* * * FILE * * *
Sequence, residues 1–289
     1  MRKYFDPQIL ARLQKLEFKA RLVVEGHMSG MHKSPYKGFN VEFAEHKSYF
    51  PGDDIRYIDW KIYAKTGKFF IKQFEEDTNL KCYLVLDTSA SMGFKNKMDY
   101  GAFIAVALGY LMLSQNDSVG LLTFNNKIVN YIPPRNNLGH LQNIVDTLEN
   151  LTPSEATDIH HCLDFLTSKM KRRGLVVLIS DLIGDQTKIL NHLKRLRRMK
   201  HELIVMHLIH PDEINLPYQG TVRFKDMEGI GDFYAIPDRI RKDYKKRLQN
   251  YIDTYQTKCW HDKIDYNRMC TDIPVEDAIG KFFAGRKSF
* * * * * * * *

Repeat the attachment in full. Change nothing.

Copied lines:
Sequence, residues 1–289
     1  MRKYFDPQIL ARLQKLEFKA RLVVEGHMSG MHKSPYKGFN VEFAEHKSYF
    51  PGDDIRYIDW KIYAKTGKFF IKQFEEDTNL KCYLVLDTSA SMGFKNKMDY
   101  GAFIAVALGY LMLSQNDSVG LLTFNNKIVN YIPPRNNLGH LQNIVDTLEN
   151  LTPSEATDIH HCLDFLTSKM KRRGLVVLIS DLIGDQTKIL NHLKRLRRMK
   201  HELIVMHLIH PDEINLPYQG TVRFKDMEGI GDFYAIPDRI RKDYKKRLQN
   251  YIDTYQTKCW HDKIDYNRMC TDIPVEDAIG KFFAGRKSF